According to Investopedia, a silo mentality is “a reluctance to share information with employees of different divisions in the same company… reducing the organization’s efficiency.” It’s a big deal — marketing siloing could be costing your business growth, revenue, and much more.
If different people or teams in your company aren’t on the same page, they aren’t going to be as effective.
Silos can make your company seem less innovative and damage your employee engagement, resulting in lowered productivity.
They could also make your marketing less effective.
What is Marketing Siloing?
When it comes to marketing, “working in silos” means that everyone in the marketing department keeps to themselves.
The SEO people only think about SEO, designers about design, developers about development…you get the picture. Like actual silos, they’re separated and don’t interact.
Why does marketing siloing matter? Because it’s bad for business.
Why is Marketing Siloing Detrimental to Your Bottom Line?
There are many reasons why marketing silos can cause a ripple effect in your business that goes beyond ineffective communication.
Silos Waste Time
When your marketing is siloed, your team can end up accidentally wasting a lot of time by not coordinating with each other.
You own a company that makes dog food, and your content marketing strategist is trying to generate a few content ideas about pet care for your blog. They go to my keyword research tool, Ubersuggest, to get some inspiration:
But what they don’t realize is that the SEO team already did a bunch of research about this topic last week, and could easily have shared it with them. No one on the SEO team thought to tell the marketing team about their research, and no one on the marketing team thought to ask.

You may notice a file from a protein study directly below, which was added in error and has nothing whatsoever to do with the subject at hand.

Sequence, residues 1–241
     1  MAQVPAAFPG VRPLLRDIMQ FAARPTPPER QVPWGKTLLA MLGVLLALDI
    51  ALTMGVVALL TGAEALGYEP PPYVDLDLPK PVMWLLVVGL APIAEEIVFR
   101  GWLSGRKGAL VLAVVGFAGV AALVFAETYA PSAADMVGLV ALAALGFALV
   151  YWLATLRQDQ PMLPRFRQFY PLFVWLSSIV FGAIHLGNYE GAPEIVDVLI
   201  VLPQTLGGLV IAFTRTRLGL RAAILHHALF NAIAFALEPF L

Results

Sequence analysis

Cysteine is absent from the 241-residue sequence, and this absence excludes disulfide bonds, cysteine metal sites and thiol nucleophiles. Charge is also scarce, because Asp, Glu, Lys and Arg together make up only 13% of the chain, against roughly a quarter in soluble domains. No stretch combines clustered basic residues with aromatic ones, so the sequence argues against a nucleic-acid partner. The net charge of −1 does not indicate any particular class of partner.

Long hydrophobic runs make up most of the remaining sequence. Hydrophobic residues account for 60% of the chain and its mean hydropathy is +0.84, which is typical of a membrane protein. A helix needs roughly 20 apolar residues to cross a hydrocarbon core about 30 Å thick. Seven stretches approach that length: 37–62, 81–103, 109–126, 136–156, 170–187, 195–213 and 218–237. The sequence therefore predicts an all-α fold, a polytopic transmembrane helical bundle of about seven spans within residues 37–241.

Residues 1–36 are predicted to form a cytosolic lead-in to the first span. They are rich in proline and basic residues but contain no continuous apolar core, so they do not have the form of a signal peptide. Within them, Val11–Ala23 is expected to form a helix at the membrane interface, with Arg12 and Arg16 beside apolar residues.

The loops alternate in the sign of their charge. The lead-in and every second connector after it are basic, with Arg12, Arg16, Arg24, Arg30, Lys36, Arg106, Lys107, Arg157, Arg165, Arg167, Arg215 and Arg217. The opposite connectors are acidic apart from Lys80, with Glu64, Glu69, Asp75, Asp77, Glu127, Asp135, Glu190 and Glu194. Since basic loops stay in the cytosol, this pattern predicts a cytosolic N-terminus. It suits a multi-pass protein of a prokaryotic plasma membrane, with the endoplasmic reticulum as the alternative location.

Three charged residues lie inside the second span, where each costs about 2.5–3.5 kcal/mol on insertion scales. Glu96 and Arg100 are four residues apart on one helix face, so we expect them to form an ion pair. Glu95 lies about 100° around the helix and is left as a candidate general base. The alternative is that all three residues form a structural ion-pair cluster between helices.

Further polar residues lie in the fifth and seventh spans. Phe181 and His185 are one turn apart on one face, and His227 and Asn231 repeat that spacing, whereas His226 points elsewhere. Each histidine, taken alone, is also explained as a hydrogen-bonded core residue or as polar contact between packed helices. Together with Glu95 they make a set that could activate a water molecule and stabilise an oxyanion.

Because of marketing siloing, your content marketer has now spent their entire day doing something that’s already been done.
Here’s another example:
You have a freelance copywriter writing for your new website and a UX specialist working on the design. They’re working separately.
When they present you with the final deliverables, none of the copy fits into the wireframes. At all. Your copywriter now has to redo all their work, annoying them and costing you more money.
The whole thing could have been avoided if you had just asked the copywriter and UX specialist to work together.
Marketing Silos Prevent You From Getting Better Marketing Results
In addition to wasting time and money, marketing siloing prevents you from getting killer results.
Your customers expect your marketing to be consistent across channels—it’s how they know they’re on a legitimate site for your company. That’s why it’s so important to have an integrated marketing strategy. If your marketing department is siloed, your campaigns—and even basic things like font choices and colors—will look inconsistent. Silos can also create confusing situations and missed opportunities.
For example, let’s say you’re launching a new content marketing campaign. Your content team pours a bunch of money into hiring freelance writers, graphic designers, and videographers to create lots of awesome content for your website.
No one knows what happened. The content is really high-quality and perfectly optimized for SEO. You’re getting tons of additional traffic, but no conversions. What gives?
Turns out, the tone of the content is all wrong. It’s written in a way none of your ideal clients can understand or relate to.
Know who could have told you that? The sales and customer service teams. After all, they know your clients pretty well.
Once again, siloing leads to a marketing fail.
(By the way, if you’re trying to get more conversions for your website, there’s more to it than just creating content. In the video below, I share seven cool hacks that can help improve your conversion rate.)
Marketing Silos Demotivate Your Employees
Another terrible thing about marketing siloing is that it demotivates your employees.
It’s easy to get excited about something when you see the bigger picture. But the larger your business gets, the more removed every individual becomes from your company’s overall mission—because they may not even know who is making decisions, let alone why.